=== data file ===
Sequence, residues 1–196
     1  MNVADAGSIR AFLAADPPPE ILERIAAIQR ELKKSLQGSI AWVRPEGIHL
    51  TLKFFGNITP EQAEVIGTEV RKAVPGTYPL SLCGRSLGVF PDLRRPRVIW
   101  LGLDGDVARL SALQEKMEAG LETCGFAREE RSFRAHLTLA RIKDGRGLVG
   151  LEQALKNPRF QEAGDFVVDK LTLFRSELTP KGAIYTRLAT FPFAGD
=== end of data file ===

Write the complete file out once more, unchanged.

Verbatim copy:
Sequence, residues 1–196
     1  MNVADAGSIR AFLAADPPPE ILERIAAIQR ELKKSLQGSI AWVRPEGIHL
    51  TLKFFGNITP EQAEVIGTEV RKAVPGTYPL SLCGRSLGVF PDLRRPRVIW
   101  LGLDGDVARL SALQEKMEAG LETCGFAREE RSFRAHLTLA RIKDGRGLVG
   151  LEQALKNPRF QEAGDFVVDK LTLFRSELTP KGAIYTRLAT FPFAGD